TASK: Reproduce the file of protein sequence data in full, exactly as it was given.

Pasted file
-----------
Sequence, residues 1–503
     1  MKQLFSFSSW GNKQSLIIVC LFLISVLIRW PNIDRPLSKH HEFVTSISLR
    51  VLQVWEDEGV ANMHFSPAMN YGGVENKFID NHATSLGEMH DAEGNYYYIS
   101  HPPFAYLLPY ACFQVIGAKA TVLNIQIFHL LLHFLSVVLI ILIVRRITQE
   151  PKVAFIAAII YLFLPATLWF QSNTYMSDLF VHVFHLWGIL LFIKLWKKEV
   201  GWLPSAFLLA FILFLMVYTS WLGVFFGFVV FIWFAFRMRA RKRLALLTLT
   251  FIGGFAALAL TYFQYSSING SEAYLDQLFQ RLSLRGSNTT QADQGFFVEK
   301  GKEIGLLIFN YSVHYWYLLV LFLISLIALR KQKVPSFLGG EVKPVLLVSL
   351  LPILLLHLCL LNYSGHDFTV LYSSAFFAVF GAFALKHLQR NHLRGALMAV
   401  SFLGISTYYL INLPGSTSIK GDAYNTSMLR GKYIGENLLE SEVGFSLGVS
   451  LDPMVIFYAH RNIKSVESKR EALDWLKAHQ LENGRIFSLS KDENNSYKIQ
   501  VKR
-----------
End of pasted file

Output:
Sequence, residues 1–503
     1  MKQLFSFSSW GNKQSLIIVC LFLISVLIRW PNIDRPLSKH HEFVTSISLR
    51  VLQVWEDEGV ANMHFSPAMN YGGVENKFID NHATSLGEMH DAEGNYYYIS
   101  HPPFAYLLPY ACFQVIGAKA TVLNIQIFHL LLHFLSVVLI ILIVRRITQE
   151  PKVAFIAAII YLFLPATLWF QSNTYMSDLF VHVFHLWGIL LFIKLWKKEV
   201  GWLPSAFLLA FILFLMVYTS WLGVFFGFVV FIWFAFRMRA RKRLALLTLT
   251  FIGGFAALAL TYFQYSSING SEAYLDQLFQ RLSLRGSNTT QADQGFFVEK
   301  GKEIGLLIFN YSVHYWYLLV LFLISLIALR KQKVPSFLGG EVKPVLLVSL
   351  LPILLLHLCL LNYSGHDFTV LYSSAFFAVF GAFALKHLQR NHLRGALMAV
   401  SFLGISTYYL INLPGSTSIK GDAYNTSMLR GKYIGENLLE SEVGFSLGVS
   451  LDPMVIFYAH RNIKSVESKR EALDWLKAHQ LENGRIFSLS KDENNSYKIQ
   501  VKR